• Be a Scrooge with what you say. Don’t give your credit card number (or Social Security Number) over the phone if someone is within earshot. Be especially careful about what information you give away over your cell phone in public.  When you are typing your PIN into your ATM or the credit card swiper at the store, cover up your fingers so that the person behind you can’t see. There are so many fraud schemes once someone has your PIN I can’t even describe them here.
  • Rotate your credit cards. After the busy holiday shopping season is over, call your credit card company and ask them to issue you a new card (you can tell them that you are concerned that your credit card number was stolen). Make sure they transfer your credit limit to the new account, along with any miles or perks you have attached to that card. Also, make sure than any auto-pay charges set up on your card are transferred to the new card (e.g., if you auto-pay your cell phone bill on your credit card each month, you’ll need to call your cell phone provider and give them the new credit card number). By rotating your credit card in this way, you are making sure that all of the personal data sitting in retail databases is no longer valid. That way, if they lose the credit card number that you used during holiday shopping, it will no longer be valid.
  • Hire an identity theft speaker for your next corporate or association event. Okay, that was a shameless plug for my motivational identity theft speeches, but that’s how I make a difference in this world and I guarantee that educating your organization about identity theft will directly improve your bottom line. Corporate privacy begins with personal privacy. Blue Cross, Pfizer, The Federal Reserve Bank, Prudential Real Estate, AIG, AARP and my other recent clients agree. Read what they have to say. Mention this blog post and receive $1500 worth of Stolen Lives at no cost when you book a speech. Unclear about why you would hire an identity theft speaker for your next event? Visit my FAQs page.

Please remember that your private information is YOUR PROPERTY. Treat it with care and have safe and happy holidays.

John Sileo
Identity Theft Keynote Speaker

Hotel Key Cards & Identity Theft

I just checked out of my hotel room in NYC after delivering an identity theft speech to the most wonderful New Yorkers at the Federal Reserve Bank of NY, and it reminded me of a question I hear constantly as I travel:

Can my identity be stolen off of the room key cards that hotels use?

In my experience, the answer is “no”. I have never found anything other than my name, room number and occasionally a customer number encoded on the magnetic strip on the back of the card.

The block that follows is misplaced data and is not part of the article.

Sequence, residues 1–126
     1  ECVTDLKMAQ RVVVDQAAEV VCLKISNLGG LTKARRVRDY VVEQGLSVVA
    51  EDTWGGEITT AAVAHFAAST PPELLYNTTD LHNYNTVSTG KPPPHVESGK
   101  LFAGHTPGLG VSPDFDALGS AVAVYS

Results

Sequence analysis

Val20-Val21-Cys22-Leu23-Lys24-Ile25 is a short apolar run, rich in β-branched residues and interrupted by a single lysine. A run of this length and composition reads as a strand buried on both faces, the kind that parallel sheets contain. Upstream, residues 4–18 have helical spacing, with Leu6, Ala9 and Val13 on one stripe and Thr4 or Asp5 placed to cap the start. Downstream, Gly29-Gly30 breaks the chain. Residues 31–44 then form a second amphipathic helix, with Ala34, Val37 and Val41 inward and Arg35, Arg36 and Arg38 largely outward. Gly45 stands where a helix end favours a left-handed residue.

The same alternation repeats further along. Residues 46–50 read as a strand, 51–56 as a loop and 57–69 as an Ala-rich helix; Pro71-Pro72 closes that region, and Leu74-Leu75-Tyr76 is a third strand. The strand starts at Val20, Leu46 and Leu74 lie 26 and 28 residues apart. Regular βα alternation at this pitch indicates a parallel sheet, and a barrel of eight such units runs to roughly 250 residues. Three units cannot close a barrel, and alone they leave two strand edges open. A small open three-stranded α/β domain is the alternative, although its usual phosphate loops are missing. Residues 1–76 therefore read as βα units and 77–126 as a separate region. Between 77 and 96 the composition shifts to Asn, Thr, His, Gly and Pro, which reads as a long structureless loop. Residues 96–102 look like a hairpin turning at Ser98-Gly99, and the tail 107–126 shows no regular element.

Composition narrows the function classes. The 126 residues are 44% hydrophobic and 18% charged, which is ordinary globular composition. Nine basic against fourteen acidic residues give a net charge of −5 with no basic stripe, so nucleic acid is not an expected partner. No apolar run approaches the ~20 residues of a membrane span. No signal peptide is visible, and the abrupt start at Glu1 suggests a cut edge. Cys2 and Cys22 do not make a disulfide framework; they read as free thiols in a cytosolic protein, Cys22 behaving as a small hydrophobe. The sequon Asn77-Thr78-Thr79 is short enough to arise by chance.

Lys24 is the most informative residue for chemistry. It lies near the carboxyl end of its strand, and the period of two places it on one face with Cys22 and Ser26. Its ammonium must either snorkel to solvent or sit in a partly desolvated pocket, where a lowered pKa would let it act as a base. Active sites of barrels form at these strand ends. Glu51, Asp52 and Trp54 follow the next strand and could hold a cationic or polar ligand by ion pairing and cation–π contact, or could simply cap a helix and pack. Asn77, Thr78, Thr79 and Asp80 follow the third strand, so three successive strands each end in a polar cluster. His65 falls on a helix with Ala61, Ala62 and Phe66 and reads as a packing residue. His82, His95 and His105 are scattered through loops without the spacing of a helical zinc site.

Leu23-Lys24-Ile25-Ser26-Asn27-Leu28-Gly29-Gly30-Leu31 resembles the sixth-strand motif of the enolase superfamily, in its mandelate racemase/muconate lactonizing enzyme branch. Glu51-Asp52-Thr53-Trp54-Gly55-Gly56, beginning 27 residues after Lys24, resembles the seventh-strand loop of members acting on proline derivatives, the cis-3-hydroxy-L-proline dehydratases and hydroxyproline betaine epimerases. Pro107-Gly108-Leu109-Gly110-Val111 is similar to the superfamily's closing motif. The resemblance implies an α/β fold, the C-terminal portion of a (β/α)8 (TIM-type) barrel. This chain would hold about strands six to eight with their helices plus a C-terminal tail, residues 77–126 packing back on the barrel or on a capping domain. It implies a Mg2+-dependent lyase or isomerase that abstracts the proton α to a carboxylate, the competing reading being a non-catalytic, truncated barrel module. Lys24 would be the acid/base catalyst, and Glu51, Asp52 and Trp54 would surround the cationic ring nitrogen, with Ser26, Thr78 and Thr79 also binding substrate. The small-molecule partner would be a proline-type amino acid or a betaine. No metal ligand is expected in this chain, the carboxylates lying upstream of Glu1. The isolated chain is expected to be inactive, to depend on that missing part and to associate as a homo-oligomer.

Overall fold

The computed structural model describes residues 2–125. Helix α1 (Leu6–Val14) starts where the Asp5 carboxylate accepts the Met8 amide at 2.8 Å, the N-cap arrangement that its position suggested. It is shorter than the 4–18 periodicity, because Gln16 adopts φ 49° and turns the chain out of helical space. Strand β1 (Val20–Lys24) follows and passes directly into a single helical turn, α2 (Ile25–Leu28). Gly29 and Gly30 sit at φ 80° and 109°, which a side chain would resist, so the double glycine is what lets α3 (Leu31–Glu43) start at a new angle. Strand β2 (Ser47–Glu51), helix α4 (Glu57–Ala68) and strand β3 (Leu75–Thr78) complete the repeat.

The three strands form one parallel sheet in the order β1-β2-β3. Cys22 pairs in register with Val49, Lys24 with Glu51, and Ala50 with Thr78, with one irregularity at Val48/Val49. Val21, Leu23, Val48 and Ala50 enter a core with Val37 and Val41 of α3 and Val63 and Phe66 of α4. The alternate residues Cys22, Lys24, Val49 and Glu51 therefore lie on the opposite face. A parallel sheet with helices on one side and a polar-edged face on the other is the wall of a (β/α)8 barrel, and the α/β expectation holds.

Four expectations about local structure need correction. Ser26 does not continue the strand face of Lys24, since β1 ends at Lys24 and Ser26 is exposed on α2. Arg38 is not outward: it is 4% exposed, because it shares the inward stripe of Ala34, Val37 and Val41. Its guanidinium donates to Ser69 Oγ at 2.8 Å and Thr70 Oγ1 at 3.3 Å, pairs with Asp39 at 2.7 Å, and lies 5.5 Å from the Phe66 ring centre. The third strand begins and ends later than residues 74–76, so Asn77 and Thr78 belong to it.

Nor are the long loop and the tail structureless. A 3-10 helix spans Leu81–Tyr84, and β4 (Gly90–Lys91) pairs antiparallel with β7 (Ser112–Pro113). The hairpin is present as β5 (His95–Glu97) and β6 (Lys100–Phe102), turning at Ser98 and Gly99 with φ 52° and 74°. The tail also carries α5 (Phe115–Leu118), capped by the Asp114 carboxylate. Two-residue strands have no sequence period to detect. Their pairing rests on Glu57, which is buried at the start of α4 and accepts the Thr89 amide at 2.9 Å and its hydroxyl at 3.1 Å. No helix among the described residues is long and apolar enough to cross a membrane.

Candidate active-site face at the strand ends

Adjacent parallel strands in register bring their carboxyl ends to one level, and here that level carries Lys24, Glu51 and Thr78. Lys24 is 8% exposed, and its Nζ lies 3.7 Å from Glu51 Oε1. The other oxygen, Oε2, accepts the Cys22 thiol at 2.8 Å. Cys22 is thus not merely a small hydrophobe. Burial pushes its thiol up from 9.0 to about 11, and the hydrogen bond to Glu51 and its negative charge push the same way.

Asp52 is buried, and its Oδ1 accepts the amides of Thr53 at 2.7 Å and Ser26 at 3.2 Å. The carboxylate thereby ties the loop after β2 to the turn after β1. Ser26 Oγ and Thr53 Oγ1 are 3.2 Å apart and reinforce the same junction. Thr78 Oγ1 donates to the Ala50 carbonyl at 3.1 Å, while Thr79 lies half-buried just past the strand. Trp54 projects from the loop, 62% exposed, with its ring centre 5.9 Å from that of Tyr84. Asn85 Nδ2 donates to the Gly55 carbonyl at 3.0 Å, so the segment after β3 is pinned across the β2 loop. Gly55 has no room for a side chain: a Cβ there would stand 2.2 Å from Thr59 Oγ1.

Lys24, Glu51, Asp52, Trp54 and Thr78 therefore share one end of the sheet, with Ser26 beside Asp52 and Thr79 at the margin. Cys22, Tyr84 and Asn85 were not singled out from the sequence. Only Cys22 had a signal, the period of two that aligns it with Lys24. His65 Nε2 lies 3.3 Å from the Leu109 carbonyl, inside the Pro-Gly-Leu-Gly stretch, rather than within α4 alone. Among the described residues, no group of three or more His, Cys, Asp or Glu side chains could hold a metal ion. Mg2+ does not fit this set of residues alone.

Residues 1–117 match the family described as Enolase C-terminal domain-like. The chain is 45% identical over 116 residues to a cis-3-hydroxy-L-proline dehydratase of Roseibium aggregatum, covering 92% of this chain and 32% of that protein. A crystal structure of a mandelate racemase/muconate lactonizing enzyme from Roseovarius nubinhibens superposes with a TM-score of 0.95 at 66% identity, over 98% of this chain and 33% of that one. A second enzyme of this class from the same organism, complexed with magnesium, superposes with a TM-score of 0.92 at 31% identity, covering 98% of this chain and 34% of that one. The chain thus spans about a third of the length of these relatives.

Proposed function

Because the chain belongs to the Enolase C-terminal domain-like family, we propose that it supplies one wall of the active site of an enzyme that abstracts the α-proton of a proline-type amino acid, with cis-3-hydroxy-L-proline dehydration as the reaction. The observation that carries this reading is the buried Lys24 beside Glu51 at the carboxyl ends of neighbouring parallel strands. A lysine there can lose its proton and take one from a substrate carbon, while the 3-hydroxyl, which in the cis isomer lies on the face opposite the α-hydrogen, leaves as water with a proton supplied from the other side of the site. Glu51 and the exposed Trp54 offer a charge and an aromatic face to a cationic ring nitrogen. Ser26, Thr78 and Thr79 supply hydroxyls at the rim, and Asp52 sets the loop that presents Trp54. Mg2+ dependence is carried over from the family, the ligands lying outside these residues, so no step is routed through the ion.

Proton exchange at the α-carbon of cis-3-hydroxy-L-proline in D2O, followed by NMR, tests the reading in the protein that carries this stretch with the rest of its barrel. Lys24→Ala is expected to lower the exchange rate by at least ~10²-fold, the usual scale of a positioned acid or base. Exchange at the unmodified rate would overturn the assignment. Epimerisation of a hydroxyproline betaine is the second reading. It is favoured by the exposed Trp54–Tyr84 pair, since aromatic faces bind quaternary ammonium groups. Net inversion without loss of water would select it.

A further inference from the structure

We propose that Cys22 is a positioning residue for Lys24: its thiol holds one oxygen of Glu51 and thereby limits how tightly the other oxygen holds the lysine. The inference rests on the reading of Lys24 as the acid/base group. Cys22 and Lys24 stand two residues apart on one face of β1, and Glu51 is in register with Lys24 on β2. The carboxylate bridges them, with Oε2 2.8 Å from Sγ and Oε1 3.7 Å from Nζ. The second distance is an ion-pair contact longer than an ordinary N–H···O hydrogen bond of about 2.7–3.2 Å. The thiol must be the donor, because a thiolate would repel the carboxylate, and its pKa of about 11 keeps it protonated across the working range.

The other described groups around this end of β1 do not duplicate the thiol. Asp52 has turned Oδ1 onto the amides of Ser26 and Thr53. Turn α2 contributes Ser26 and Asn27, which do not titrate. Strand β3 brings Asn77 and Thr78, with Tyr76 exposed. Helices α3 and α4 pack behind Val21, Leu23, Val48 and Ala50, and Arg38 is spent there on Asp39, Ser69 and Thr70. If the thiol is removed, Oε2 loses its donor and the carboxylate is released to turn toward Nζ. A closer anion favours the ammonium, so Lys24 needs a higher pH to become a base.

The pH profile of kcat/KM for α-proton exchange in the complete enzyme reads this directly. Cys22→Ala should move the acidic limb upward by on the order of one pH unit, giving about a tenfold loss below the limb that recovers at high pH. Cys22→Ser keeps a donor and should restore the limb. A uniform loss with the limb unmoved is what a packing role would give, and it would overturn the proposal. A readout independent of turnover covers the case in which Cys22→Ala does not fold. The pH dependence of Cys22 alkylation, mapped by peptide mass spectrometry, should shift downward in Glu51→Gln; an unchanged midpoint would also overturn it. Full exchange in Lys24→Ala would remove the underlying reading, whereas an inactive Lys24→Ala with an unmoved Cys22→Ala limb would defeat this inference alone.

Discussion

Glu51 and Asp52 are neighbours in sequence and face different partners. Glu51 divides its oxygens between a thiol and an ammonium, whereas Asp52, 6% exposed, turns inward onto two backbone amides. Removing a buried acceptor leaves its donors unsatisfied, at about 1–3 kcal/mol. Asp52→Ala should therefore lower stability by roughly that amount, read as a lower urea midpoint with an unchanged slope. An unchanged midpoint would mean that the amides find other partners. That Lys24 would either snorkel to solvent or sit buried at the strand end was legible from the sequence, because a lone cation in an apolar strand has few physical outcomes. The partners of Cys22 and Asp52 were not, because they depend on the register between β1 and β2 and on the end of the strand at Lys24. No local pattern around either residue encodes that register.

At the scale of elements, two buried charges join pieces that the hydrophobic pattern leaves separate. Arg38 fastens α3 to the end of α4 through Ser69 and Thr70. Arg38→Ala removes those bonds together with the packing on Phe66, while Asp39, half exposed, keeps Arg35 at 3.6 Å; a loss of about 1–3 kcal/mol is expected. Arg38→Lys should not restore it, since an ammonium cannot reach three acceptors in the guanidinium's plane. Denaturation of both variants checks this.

Here’s how key cards work. Hotels store your personal information (credit card number, address, etc.) on their computer system rather than on the card. When they issue you your key card, they encode your name and the room number onto the card. When you use your key card at the hotel gift store or at the bar, it simply records that charge to your room or customer number. When you check out, the charge is billed directly to your credit card.

To verify the accuracy of my experiences, I researched hotel key cards on Snopes is an excellent way to verify the truth of possible scams, frauds and urban myths. Snopes supports my findings, however…

Why take the chance? I’ve never been to a hotel that actually charges you if you don’t return the cards. So, the responsible privacy reflex here is to minimize your chances by destroying the card, even if it doesn’t pose much of a risk. Just like you should shred mail that only has your name and address on it (the first pieces of information an identity thief needs to uncover more identity on the Internet), so should you eliminate the chances that something on the hotel key card will ever be used to steal your identity. It costs you nothing and takes less than 30 seconds to CHOP. And in the meantime, this will get you in the habit of destroying identity exposure so that when it does count, you’re prepared.

Identity theft prevention isn’t about being paranoid, it’s about establishing good habits of privacy and being prepared.

John Sileo
Financial Identity Theft Speeches

Stop Identity Theft of a Deceased Family Member

I’ve just visited the fountain of youth. Have you ever had one of those experiences where you meet a person or a group of people that renews your faith in all that’s good in the world? I delivered a speech on identity theft prevention to AARP South Carolina (a chapter of the American Association of Retired Persons – an amazing organization that you should be part of if you are over 50) yesterday morning, and met a group that actually makes me look forward to growing up. Doris, Barb, Leigh Ann, Patrick, Lynda, Bill, Ridge, Charlie, Emily (I could name 50 more)… these are the people that greeted me like I was part of their family and treated me like someone special. They are some of the youngest spirits I’ve ever met. And I learned a great deal from them…

AARP had asked me to speak at their annual meeting as a thank you to their incredibly dedicated core of volunteers. These are people who put their muscle where their mouth is. And they paid attention and were so engaged that it was like giving a motivational identity theft speech. They inspired me! They must have had fifty additional great questions after the presentation that I didn’t have time to answer because they were headed into additional sessions. Given that, I’d like to take a few minutes to address a few of the items that pertain specifically to identity theft prevention for retirees and people over 50. Instead of re-inventing the wheel, let me point you to the resources on identity theft prevention that AARP provides on their website. They are extensive and geared to the retiree population.